How far, if at all, should the City Council go in encouraging transit-oriented development? How should the City Council go about doing it?
Cambridge should follow Somerville’s lead and focus on corridor incentives for development. The city Council really needs to work with the MBTA and DOT and have more frequent bus runs - and add a commuter rail stop at Alewife. And the city needs to work to have bus lanes in more places to speed the transit of buses.
How would you evaluate the City Council's approach to sustainability over the last few years--what is one aspect you agree with and one aspect you disagree with?
Cambridge has done a great job of declaring and planning and studying and reporting and proclaiming how critically important sustainability is. And on the largest more important goal - reducing GHG emissions, we have been completely ineffective. I evaluate our approach as a failure. Cambridge declared a climate emergency over a decade ago and keep getting awards for being green. Yet our GHG emissions citywide are HIGHER than in 1990 (a common base year). Despite more than twenty years of climate efforts with multiple worthy initiatives, citywide greenhouse gas emissions are unchanged since 2003, while Massachusetts and Harvard reduced overall GHG emissions by 20-30% even as both grew. The areas that have been effective is stormwater mitigation - our long term plans were clear, bold, and implemented. Grade: A. Another area of success is renewable energy on city owned buildings. Grade: B. I disagree strongly with how the community electrical aggregation was handled - it should have been opt OUT to 100% renewable AND a FAR higher % RPS for the standard offer.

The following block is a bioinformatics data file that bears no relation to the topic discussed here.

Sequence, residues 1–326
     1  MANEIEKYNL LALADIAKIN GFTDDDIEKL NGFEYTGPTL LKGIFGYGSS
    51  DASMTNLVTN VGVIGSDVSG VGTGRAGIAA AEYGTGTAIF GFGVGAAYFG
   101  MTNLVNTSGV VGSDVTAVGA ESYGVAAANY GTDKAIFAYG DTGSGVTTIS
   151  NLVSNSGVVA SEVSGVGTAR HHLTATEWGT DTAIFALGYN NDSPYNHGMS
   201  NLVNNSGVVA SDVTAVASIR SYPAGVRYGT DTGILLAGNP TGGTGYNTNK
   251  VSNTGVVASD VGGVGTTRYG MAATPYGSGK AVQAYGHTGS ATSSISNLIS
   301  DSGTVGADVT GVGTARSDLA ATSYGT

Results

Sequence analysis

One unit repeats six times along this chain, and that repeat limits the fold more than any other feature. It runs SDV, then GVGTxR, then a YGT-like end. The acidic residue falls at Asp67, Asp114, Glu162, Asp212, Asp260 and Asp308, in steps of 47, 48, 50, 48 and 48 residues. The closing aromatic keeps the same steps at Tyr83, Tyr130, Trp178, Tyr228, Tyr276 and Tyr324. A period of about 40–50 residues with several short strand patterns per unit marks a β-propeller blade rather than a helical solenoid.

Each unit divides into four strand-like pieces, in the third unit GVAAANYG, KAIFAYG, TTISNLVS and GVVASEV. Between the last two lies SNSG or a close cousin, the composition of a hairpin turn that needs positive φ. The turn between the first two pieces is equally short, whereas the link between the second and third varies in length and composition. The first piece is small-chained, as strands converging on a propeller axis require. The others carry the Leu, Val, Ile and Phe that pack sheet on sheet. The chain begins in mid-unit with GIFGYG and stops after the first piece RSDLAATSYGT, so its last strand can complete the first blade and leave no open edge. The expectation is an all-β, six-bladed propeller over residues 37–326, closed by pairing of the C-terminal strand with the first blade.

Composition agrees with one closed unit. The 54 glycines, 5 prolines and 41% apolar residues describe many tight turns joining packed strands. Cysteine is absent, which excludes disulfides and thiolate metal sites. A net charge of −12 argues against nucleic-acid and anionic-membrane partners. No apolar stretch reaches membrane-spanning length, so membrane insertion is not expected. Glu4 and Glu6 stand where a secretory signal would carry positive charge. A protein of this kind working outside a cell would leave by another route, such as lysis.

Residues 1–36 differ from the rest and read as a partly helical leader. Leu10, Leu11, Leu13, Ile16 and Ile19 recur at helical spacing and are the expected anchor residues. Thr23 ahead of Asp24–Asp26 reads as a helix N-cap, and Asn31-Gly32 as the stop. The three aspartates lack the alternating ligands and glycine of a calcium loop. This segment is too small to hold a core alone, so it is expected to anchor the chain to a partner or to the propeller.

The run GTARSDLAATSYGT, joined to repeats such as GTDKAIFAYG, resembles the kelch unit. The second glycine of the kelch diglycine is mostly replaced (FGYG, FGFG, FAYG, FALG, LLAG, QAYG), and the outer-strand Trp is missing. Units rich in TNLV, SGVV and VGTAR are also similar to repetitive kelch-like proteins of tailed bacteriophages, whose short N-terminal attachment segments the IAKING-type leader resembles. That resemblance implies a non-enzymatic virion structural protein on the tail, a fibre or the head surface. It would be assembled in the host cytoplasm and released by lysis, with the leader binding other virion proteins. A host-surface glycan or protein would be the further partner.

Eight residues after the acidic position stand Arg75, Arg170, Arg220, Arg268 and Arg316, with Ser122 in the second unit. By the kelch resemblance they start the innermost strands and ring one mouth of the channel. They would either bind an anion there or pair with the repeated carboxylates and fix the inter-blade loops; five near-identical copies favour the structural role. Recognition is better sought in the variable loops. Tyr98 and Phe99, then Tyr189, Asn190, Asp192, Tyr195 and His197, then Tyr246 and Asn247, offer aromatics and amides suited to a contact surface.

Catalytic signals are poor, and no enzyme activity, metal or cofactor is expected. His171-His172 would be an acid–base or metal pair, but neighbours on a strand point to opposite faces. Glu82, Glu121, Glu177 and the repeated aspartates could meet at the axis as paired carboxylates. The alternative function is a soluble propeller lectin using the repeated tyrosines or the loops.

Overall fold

What can the next City Manager do to promote your housing priorities?
Build on city owned lots. Start working on home ownership instead of mostly AH rentals. Be serious about using city funds for home ownership as reparations for descendants of formerly enslaved people
What should the city do to increase walking, biking, and transit usage in Cambridge?
More bus lanes, free transit, network of protected bike lanes (in the bike plan), free bike plans, more frequent bus service.
Do you have anything else you'd like to highlight or add regarding housing or land use in Cambridge?
We need to consider having a program for city employees who are middle income to buy limited equity co-ops. We need more permeable land and more green. We also need to attract small manufacturers instead of continually attract labs and jobs that are not available to all residents - we need more jobs that do not require advanced degrees. We need to ensure that the city owns more land to build another school - in Alewife. And have the DPW obtain adequate space for operations.
Aside from housing and land use issues, what are some major priorities you hope to push for on the City Council?
Addressing the Climate Crisis, which is the central issue of this time. If the proposed charter revisions on the ballot this November pass (which I hope they do) then next year we can convene a charter review commission and look comprehensively into our governance. I believe we should consider some changes - including an elected mayor instead of a city manager, and some ward and at-large city councillors. Finally having a sound feasibility study for municipal broadband.